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5 Comments:

At 12/5/07 14:20, Blogger eslaporte said...

Deze reactie is verwijderd door de auteur.

 
At 12/5/07 14:23, Blogger eslaporte said...

Nicolas Sarkozy says that he admires the United States and its social-economic system. So, does Sarkozy also admire the social inequality, social exclusion and poverty of the United States, as well? The American social economic system is a system that produces poverty and social exclusion – it promotes unchecked corporate activities and inequalities - and this undermines social cohesion. Social cohesion and social inclusion are the things that prevent social disorder. These things have been rightfully identified by Europe as preventing crime and promoting civility.

I do not find it surprising that the national right wing talk show hosts, neo-cons with microphones that unabashedly defend Bush’s polices here in America, are singing the praises of Nicolas Sarkozy as “another Ronald Reagan.” While we know that there are more political, social and European level constraints on Sarkozy’ ambitions, never-the-less the introduction of American conservative political ideology, which includes the notions that “haves v. have-nots and that some people (especially the poor, homeless, minorities) are “worthless garbage” - is dangerous to France and Europe as a whole.

Europeans need a crash education (NOW!) into the true meaning of American conservative political ideology, which is foreign and polar opposite to the European social and economic system of social market economy, social inclusion and controlled business competition. While Europeans – and this Europhile American – and excited by Sarkozy’s embrace of the revival of the constitutional treaty – Europeans should be very, very weary of just what Sarkozy is advocating.

 
At 12/5/07 15:03, Blogger eslaporte said...

Where do you get this notion that American schools are so great? American schools and parts of American cities are small-scale, armed conflict zones. According to the UNICEF survey of child well-l-being, American and British children are among the worst off in the world in terms of their well-being and social welfare. European children, especially in the Netherlands, are better of, by far, than children in other parts of the world. Belgium ranks as among the best in the world. The cause is social inequality and Europe, including Belgium, must work to maintain the welfare states that insure child well-being. I don’t quite understand why your site continues to propose that Europe adapt self –destructive and damaging policies, such as American style economic system.
Anything less, or any attempt to become like the US/UK, places Europe at risk.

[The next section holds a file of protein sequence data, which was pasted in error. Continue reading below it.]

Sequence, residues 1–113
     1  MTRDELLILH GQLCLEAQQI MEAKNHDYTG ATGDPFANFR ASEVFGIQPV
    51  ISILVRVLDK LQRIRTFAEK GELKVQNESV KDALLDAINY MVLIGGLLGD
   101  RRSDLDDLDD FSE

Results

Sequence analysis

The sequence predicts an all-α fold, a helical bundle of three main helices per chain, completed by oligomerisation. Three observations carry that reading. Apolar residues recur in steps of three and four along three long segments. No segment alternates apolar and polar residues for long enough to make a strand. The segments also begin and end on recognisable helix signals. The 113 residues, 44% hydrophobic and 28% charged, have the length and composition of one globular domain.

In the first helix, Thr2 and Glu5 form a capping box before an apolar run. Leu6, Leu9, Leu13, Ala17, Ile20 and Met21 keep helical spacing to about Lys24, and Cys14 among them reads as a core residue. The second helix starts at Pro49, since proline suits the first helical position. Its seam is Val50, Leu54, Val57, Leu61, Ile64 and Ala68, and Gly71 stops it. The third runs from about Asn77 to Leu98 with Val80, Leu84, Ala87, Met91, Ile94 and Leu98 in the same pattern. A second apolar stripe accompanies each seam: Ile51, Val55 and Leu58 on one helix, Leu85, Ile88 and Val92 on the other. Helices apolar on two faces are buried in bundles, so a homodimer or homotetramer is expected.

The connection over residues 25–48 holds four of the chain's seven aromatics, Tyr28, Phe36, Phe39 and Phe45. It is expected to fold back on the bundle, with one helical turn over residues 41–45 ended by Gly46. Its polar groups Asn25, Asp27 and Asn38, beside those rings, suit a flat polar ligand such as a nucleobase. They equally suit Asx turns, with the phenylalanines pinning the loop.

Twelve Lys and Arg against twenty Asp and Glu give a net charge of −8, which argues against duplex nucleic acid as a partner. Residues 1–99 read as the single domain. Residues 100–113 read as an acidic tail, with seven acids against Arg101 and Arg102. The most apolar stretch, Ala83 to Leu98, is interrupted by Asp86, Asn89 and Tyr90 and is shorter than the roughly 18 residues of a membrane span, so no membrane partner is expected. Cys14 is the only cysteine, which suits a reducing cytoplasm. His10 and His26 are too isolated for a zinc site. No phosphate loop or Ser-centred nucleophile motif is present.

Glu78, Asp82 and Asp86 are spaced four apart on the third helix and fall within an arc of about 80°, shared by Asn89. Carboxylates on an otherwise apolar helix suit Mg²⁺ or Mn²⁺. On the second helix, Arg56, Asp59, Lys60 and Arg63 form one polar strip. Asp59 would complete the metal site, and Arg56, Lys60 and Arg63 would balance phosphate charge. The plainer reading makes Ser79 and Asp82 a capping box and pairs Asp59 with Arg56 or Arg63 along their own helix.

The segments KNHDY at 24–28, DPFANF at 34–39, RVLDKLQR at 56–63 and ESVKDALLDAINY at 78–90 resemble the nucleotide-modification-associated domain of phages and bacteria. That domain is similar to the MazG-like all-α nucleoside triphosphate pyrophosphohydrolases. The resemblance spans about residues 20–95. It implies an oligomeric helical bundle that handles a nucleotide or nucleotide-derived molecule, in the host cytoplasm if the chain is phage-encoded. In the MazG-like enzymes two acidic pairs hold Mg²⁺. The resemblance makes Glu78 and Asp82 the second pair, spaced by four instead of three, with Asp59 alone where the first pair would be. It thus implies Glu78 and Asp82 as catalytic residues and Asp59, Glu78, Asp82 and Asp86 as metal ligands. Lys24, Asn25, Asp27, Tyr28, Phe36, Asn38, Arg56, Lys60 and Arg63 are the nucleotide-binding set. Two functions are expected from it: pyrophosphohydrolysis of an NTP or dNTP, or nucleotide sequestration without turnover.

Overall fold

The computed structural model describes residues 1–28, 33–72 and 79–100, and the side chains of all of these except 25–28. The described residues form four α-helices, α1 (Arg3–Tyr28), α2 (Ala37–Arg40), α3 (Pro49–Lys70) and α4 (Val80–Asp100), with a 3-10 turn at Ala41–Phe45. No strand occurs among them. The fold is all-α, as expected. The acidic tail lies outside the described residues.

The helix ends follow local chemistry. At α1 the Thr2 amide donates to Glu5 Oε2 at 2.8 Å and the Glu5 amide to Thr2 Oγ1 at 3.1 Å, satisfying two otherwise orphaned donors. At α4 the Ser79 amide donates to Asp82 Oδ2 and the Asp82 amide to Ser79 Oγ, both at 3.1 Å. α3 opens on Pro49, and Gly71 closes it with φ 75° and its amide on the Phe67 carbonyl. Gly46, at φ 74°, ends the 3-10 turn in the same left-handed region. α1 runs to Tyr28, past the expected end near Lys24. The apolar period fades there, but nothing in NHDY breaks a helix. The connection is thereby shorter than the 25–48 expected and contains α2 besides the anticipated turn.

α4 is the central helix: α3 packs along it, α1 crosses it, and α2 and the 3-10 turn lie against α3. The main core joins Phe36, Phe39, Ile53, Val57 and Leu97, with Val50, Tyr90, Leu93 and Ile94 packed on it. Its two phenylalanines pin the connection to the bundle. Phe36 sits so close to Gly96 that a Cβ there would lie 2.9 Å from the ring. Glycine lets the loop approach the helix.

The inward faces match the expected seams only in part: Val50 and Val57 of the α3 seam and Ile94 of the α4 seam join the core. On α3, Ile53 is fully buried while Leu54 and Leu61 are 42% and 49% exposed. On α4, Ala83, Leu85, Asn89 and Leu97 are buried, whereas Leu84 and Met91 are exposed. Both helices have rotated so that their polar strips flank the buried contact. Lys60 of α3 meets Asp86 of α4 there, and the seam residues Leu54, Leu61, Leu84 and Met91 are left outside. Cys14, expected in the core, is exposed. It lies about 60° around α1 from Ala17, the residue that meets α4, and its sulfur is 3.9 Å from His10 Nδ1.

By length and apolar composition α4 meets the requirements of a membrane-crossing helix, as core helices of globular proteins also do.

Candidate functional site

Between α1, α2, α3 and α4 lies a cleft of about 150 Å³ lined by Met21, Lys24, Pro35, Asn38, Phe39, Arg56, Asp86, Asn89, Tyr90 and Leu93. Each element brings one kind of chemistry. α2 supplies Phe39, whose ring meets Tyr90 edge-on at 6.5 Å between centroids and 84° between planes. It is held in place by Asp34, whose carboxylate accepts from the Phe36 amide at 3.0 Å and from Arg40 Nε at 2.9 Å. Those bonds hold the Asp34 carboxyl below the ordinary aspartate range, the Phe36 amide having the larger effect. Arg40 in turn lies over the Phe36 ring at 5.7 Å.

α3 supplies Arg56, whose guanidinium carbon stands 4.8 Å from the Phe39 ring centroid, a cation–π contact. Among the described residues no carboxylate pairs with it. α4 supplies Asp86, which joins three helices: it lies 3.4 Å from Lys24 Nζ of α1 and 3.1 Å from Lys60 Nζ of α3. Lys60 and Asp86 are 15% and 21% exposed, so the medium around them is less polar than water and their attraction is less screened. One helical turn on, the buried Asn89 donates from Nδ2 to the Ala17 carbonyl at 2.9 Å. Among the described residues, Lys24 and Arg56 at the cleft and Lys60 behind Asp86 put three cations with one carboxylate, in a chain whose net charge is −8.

“UK is accused of failing children”
14 February 2007

“One of the report's authors told the BBC that under-investment and a "dog-eat-dog" society were to blame for Britain's poor performance.”
http://news.bbc.co.uk/2/hi/uk_news/6359363.stm

UNICEF : Child Poverty in Perspective: An Overview of Child Well-being in Rich Countries: http://www.unicef.org/media/files/ChildPovertyReport.pdf

 
At 12/5/07 18:44, Anonymous Marc Huybrechts said...

For anyone who stil doubts that the American education system and most mass media preach self-hatred and ideology, it suffices to read 'eslaporte'. All the standard clichees, platitudes and media mantras are there. And some of the assertions are delivered with an air of such ridiculous 'certainty' and supersimplification, that one truly must be concerned about contemporary western education of 'lawyers'.

Let's take only 2 examples of naivete and self-hatred:

-- "The American system PRODUCES poverty and social exclusion".

One can see the marxist professoriat's indoctrination right there, and the refusal to embrace empiricism.

-- "...the American conservative political ideology includes the notion....that some people are "garbage"...etc...".

Mon Dieu! The conclusion must be obvious. The educational system does no longer produces independent thinkers, who can make complicated distinctions, and put things in proper perspectives, both historical and geographic. Rather, it produces parrots who parrot ideological mantras of perverse self-hatred.

 
At 13/5/07 19:43, Blogger Pieter Cleppe said...

@eslaporte:

- concerning your education claim: I am proposing American style reform for higher education, not for grade schools etc. Every international survey will make clear to you the quality of American higher education (and the PISA reform makes clear that it is also more social, contrary to what some people claim). The US grade school system is probably not a good example, as free choice of school is not respected in it (unlike Belgium, where quality is indeed good, but threatened).

- concerning your "haves v. have nots?" claim: if you're a "have not " in the US, you'll have a much bigger chance of moving to higher social levels than in continental Europe. America is built on an ideology of individualism, Western Europe has always been threatened by Continental-style despotism, as in Russia and China. Socialism and social democracy are rooted in that evil tradition of despotism.